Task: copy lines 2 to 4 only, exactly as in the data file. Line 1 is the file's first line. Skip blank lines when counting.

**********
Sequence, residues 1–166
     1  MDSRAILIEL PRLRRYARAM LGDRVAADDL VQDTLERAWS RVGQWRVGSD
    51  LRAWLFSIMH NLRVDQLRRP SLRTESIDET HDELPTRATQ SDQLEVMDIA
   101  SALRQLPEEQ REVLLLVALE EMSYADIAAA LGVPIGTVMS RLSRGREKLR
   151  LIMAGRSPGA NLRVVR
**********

     1  MDSRAILIEL PRLRRYARAM LGDRVAADDL VQDTLERAWS RVGQWRVGSD
    51  LRAWLFSIMH NLRVDQLRRP SLRTESIDET HDELPTRATQ SDQLEVMDIA
   101  SALRQLPEEQ REVLLLVALE EMSYADIAAA LGVPIGTVMS RLSRGREKLR